Last week saw a large audience of education professionals head to the University of Strathclyde in Glasgow to attend an event on Assessment and Feedback jointly hosted by JISC CETIS and the Making Assessment Count project led by the University of Westminster. Over the course of a lively and fascinating day we saw a range of presentations on different issues around assessment and feedback, heard from a panel of wonderfully eloquent and enthusiastic students about their own experiences, and had the opportunity to discuss this vital area with a broad range of practitioners and experts.
The day opened with an introduction to some of the principals of effective assessment and feedback led by Mark Clements of the MAC project. Delegates were asked to consider their own priorities and opinions, which led to a very enjoyable discussion around the topic.
The first full session of the day looked at eFeedback, eMarking and automated feedback. Phil Denton of Liverpool John Moores University discussed Assignment Handler and Gradetime, a tool which allows automated but highly customisable feedback to be added to documents. In the second presentation of this session, John Kleeman of Questionmark discussed some of the outcomes of recent US research on assessment and feedback, which sparked a lively discussion with the audience.
Session 2 looked at alternative forms of feedback, with Peter Hartley of the University of Bradford discussing a range of approaches to providing feedback and rediscovering the ‘feedback loop’. I-Chant Chiang of Aberystwyth University then discussed audio feedback in greater detail, examining three projects that used various approaches around this method and her own experience of this in her teaching practice. Two of I-Chant’s students attended the event and were able to add their own, very positive, insights into this method.
Session 3 was something new for us, but a session that our attendees (and I) particularly enjoyed: a panel of students discussing their own experiences of and opinions on assessment and feedback. The students, Sophia Cullen, Koval Smith and Tom Edge from the University of Westminster, Saffron Passam and Melissa Croxon from Aberystwyth University and Graeme Allan from the University of Strathclyde and Vice-President for Education and Representation at the University of Strathclyde’s Student Association, spoke about a range of topics, reflecting on their experiences of traditional and more innovative assessment practices and their impact on their academic performance. They also took part in a very lively and stimulating question and answer session that really explored the issues raised.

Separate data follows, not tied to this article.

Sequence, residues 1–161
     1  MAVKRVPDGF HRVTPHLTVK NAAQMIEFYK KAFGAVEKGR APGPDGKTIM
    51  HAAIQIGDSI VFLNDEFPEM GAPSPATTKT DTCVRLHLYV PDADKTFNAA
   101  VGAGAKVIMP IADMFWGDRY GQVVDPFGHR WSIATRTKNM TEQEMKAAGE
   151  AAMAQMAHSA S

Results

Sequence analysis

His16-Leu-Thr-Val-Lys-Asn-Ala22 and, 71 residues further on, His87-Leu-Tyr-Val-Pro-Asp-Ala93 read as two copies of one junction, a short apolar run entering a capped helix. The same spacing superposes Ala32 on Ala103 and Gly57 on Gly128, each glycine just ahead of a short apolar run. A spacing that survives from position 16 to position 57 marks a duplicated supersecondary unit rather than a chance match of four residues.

The final session of the day looked at ways of effecting change in assessment and feedback. Sarah Davies of JISC had kindly agreed to join the event via Connect, but unfortunately technology (ironically) let us down; she did however make her slides available to the meeting. The meeting closed with Mark Kerrigan-Holt’s detailed look at the Making Assessment Count project and the e-Reflect tool it developed, again very usefully complemented with insights from Westminster students who have successfully used the system and found it highly beneficial.
Overall, it was a really interesting and enjoyable event, and I have to thank Mark Clements and the team at Westminster for all their work in making this such a great day. Presentations from the day, together with links to blog post mentions and tweets from the day are all available on our site.